AS the dust settles on the Rio 2016 Paralympics, Samantha Kinghorn can enjoy a well-earned sense of contentment.

The 20-year-old wheelchair racer from Gordon in Berwickshire smashed her targets with aplomb, reaching the finals in all three of her events and setting a blistering European record in the T53 800m which scorched her own personal best by almost four seconds.

Lesser mortals would be happy to take some time out, but Kinghorn is never one to rest on her laurels. Not only has she already launched into winter training, but is eyeing a raft of fresh challenges for 2017. On that list: racing in the Chicago Marathon.

Kinghorn may be better known for her explosive power on the track, but alongside coach Ian Mirfin has drawn up ambitious plans for a marathon debut next autumn. The goal is to gain the qualification standard to compete over that distance at the Gold Coast 2018 Commonwealth Games.

"I'm contemplating the marathon," she says. "Apparently Ian has got me entered for the Chicago Marathon next year. We have got this love-hate battle going on at the moment.

"I love the road and I'm quite confident on hills, but it is a long time to be out there if you get out of the draft and have to spend two hours of the race on your own. I'm going to give it a bash."

The longest distance Kinghorn has done before is a half marathon. "The qualifying standard for Gold Coast is two hours and five minutes," she says. "The idea is I'll come out of the worlds in London and do a short block of marathon training before flying to Chicago."

Kinghorn will also target the T54 1500m at Gold Coast 2018, the same event she represented Team Scotland in at the Commonwealth Games in Glasgow finishing fifth. But before then, it is her aim to compete at the 2017 World ParaAthletics Championships in London next July.

"That would be absolutely incredible," she says. "I'm really lucky to have two home Games so early in my sporting career, first with Glasgow 2014 and hopefully I'll get to race in London at the Olympic Stadium next year for worlds."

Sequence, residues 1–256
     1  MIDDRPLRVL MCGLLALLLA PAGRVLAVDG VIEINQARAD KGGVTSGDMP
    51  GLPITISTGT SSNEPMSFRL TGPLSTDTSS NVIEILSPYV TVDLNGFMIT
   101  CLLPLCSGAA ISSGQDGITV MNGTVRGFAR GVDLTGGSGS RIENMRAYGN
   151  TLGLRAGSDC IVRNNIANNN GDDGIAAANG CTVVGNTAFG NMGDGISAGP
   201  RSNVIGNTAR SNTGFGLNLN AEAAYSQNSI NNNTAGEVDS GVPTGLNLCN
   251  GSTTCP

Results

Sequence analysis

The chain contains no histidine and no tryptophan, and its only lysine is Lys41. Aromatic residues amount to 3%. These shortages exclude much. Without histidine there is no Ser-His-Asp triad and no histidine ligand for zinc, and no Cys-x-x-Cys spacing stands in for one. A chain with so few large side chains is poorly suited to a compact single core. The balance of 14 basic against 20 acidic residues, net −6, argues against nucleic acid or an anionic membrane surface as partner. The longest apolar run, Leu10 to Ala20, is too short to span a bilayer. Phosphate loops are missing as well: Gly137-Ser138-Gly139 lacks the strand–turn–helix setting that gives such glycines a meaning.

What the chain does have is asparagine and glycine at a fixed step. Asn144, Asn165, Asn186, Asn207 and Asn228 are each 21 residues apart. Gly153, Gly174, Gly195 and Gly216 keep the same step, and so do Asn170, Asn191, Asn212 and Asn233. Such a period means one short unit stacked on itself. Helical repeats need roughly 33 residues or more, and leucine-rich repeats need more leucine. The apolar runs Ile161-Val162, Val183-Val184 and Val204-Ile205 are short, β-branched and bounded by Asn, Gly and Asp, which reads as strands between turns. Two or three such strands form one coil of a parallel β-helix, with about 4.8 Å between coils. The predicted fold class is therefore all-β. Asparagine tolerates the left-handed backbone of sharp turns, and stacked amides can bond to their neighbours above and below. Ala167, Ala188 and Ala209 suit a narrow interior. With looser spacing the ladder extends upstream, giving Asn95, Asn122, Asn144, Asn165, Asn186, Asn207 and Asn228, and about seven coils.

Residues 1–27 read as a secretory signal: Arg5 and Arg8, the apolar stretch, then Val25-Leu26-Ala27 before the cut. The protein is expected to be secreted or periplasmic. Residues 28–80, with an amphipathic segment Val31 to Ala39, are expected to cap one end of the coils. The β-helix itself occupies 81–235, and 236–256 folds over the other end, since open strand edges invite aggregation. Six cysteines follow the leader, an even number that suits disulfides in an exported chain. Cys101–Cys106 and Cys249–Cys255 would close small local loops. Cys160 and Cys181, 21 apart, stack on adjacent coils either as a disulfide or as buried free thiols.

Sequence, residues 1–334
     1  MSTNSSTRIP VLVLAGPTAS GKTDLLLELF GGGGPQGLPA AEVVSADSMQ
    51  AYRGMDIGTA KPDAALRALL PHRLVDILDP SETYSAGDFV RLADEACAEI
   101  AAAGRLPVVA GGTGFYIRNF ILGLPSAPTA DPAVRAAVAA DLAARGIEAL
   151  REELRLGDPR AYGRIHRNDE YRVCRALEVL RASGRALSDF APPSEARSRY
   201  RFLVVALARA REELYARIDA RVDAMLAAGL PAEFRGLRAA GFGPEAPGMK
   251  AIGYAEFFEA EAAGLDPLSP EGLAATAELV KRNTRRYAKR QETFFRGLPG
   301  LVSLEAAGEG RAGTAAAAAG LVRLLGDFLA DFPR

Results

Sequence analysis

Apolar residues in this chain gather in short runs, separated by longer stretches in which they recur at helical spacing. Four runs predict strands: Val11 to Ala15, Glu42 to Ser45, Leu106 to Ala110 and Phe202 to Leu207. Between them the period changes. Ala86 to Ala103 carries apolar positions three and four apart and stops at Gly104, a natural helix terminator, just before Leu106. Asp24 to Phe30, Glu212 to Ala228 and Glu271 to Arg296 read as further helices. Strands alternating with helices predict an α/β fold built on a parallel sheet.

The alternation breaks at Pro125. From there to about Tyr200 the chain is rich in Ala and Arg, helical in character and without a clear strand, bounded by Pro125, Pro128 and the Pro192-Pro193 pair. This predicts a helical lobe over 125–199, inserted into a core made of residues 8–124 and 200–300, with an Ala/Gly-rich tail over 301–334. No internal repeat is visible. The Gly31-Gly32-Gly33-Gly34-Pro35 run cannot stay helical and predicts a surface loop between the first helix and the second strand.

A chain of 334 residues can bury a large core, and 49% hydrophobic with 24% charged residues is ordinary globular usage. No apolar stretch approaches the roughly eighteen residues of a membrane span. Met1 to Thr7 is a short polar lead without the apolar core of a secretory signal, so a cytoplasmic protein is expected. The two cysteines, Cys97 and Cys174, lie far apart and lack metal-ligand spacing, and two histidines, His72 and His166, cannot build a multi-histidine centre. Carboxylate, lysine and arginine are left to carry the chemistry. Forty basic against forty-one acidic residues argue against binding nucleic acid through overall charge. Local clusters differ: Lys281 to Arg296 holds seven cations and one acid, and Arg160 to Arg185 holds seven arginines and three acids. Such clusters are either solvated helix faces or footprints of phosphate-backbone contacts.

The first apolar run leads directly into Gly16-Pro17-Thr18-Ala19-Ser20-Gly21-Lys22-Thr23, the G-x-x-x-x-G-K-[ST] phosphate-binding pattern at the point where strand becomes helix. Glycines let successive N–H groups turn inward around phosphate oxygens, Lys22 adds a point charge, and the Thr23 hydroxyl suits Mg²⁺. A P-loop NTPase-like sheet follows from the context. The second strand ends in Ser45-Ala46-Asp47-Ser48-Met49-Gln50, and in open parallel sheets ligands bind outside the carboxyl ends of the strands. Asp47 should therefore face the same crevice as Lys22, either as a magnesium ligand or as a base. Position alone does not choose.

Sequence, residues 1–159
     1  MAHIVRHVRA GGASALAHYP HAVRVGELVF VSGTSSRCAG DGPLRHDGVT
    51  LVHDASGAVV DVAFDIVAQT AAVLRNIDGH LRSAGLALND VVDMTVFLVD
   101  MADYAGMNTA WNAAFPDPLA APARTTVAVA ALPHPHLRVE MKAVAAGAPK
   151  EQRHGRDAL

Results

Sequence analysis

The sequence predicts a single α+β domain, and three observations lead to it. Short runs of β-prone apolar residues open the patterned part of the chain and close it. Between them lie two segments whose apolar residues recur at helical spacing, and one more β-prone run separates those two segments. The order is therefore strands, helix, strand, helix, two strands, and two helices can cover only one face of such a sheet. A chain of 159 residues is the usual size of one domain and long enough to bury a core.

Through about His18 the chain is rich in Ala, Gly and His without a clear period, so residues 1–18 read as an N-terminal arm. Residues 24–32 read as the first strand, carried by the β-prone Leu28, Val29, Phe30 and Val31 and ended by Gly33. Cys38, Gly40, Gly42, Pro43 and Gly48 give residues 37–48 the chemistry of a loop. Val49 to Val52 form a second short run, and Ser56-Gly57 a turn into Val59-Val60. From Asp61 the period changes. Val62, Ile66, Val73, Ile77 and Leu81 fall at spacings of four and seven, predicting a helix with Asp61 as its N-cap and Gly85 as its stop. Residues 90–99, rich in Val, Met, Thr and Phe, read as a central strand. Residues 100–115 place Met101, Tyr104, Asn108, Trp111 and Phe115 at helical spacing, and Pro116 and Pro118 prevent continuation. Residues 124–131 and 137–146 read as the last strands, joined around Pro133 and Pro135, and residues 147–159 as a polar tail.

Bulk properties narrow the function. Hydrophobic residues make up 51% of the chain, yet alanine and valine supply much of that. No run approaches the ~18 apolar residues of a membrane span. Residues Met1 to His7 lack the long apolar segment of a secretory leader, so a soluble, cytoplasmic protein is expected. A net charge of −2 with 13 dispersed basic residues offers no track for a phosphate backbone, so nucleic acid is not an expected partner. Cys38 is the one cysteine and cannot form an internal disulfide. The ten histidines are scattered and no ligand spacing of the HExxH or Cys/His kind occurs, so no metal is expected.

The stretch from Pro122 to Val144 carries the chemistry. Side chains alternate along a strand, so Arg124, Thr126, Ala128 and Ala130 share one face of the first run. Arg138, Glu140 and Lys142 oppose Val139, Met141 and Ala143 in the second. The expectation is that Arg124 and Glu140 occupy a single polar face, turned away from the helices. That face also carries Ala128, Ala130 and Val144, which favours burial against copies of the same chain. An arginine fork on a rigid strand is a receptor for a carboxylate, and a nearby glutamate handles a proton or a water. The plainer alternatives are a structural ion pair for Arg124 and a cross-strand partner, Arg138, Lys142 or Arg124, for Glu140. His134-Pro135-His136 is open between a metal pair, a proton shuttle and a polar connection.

Kinghorn, a world bronze medallist and triple European champion, is keen to put the wealth of experience she gained competing at the Paralympics to good use.

It was, she says, the strongest field she has raced in. Chinese duo Huang Lisha and Zhou Hongzhuan swept gold across the board between them in the T53 class, while Australia's Angie Ballard also left with a clutch of medals including a silver and two bronze.

For Kinghorn, it also brought home to her the fierce psychological tactics used at top level.

"It was scary because I knew they [Huang and Zhou] would go off fast, but I hadn't raced them before so I didn't know what it was going to be like," she says. "In my first event [the 100m], especially in the final, I watched them a bit too much. They kept looking across at the start, trying to put me off a wee bit, so I know for next time not to do that."

Kinghorn was disqualified in the 400m final for what was initially cited as a lane infringement but later said to be as a false start. She is still unclear as to what the perceived infraction was.

"I was so happy with how my race went because I had been nervous beforehand," she says. "I was really conscious of staying in my lane and pretty confident I didn't infringe.

"Then they said I had a false start but if that was the case, they should have called me back and disqualified me. We have never heard of anyone who had a false start being allowed to run the race.

"I have watched the race back and it didn't look like I did. I must have done something they weren't happy with on the start line – perhaps I moved an arm – but that wasn't fully explained."

Kinghorn reveals that she was carrying a shoulder injury going into the Paralympics but chose not to make that public at the time.

"I slightly twisted my shoulder when I was weight-bearing to get in or out of bed and it became inflamed," she says. "I missed a week or so [of training] just before going out to Rio.

"It was simply less stressful to keep it quiet and not have people asking all the time: 'How's the shoulder?' If I hadn't done well, I didn't want to be making excuses. I'm not that kind of person.

"The injury maybe just took a bit out of my start so I had to play catch-up on my speed, but I felt like I gained most of it back – certainly on the 800m."

Having almost a week between her penultimate and final event allowed the inflammation time to go down and by the time Kinghorn raced in the 800m, she was raring to go. Even so, she admits her flying performance to set a European record of 1:48.89 was a surprise.

"I didn't think I was going to make the final," she says. "Ian told me to just go out and give it a shot. He said: 'Race it like it is your last race' and that's what I did. I went out there and gave it everything."

There is a fantastic photograph of Kinghorn grinning from ear-to-ear afterwards. "My smug face," she jokes. "I was looking around for Ian because I knew he would be over the moon.

"Then I finally saw him. He was jumping up and down, shouting to me: 'Four seconds! Four seconds!' That's when I did that big smile. It was nice to see that I had made him so proud."